Has the country economic situation improved?  Yes, at least going by the government’s decision to purchase four new Toyota land cruiser Prados as duty cars for cabinet ministers.

Four new land cruisers, each costing not less than Nu 3 million, have left Phuentsholing recently.  The luxurious and expensive vehicle spells social status in Bhutan.  Quite often, the type of car we drive is the yardstick by which we  judge our social standing.  The bigger the car, the higher you are on the social ladder, or so it is interpreted, unfortunately.

As cabinet ministers, and elected by the people, they are the highest ranked public officials.  They are entitled to drive Toyota Prados.  It was decided in Parliament.  With a generous quota system, members of parliament are also after one of the most expensive acquisitions in the country.

It is not so much about the highest paid public servants buying expensive cars, but about cost implications.  The government announced that they wouldn’t procure new vehicles until the economic situation improves.  With this decision, we can only surmise that the situation has improved.

It was also announced that the government would not buy vehicles for ‘pool vehicle’ unless a proper policy was put into place, including a strategy on procurement of vehicles by the government and cost implication for replacing and hiring of vehicles.  In the meantime, in 2014 alone, 167 new vehicles were purchased for the government and government-owned or linked corporations.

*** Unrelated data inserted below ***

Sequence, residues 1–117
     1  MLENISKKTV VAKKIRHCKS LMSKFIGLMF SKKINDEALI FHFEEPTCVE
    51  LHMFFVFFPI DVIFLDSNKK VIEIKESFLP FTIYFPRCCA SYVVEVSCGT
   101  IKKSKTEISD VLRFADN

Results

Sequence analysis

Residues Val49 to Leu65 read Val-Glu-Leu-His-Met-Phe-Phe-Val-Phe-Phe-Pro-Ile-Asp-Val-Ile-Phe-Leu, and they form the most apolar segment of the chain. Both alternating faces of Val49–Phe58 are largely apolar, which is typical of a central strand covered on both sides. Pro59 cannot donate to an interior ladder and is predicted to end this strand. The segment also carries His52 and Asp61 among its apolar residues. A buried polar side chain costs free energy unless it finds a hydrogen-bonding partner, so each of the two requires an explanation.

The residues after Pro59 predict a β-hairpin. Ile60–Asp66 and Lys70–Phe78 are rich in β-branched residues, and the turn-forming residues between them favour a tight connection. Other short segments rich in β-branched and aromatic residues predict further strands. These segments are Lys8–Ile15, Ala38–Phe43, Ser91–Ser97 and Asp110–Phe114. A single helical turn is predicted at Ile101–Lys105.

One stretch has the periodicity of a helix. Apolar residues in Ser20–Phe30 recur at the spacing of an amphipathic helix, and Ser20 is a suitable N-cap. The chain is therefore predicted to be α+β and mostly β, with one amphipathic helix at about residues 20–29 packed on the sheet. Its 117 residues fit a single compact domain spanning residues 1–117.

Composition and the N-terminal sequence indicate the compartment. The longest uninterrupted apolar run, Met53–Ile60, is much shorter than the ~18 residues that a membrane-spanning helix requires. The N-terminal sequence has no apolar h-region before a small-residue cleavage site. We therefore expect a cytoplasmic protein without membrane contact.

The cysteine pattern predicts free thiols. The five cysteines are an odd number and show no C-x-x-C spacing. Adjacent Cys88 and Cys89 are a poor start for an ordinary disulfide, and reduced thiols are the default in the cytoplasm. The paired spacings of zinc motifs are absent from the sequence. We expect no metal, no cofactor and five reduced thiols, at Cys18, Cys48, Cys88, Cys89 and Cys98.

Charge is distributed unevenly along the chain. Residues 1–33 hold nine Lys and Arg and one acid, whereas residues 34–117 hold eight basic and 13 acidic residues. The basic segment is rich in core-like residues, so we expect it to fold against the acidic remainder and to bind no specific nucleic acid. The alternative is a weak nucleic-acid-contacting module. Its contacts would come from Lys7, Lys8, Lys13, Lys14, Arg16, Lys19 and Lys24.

The then second pay commission recommended the government do away with the pool vehicle system in its entirety and create a corporate entity to manage these pool vehicles.   This was suggested as one of the many ideas to fund the salary revision.  Five months have passed, but we hear no more of any such policy.

The pool vehicle is an old issue.  Framing a policy without hampering service delivery and cutting misuse perhaps is becoming a challenge.  It has always been easier said than done.  To the credit of the government, they have done away with the Toyota Prados system to the wives of ministers, the Assembly Speaker and the Chief Justice, which was at the expense of the government.

Given the not-so-good economic situation, a lot of austerity measures were put in place after the government took over in 2013.  It generated some debate.  But many felt that unnecessary cost had to be curtailed.  One such measure was controlling chadi (preparations).

The home ministry was directed to revise the chadi protocol and the security measures for VVIPs and VIPs.  The prime minister, on his part, has slashed security personnel to cut cost, for instance.  While a new chadi protocol is up in the air, chadi is as elaborate as ever.

A variety of food items, dancers, pitching of tents and hoisting of flags at events have not decreased.  Arranging a makeshift stage for one night cost one ministry at least Nu 200,000.

The country has not recovered fully from the economic downturn, and everybody has to be frugal in spending the scarce resources at hand.  How well we do it is another question.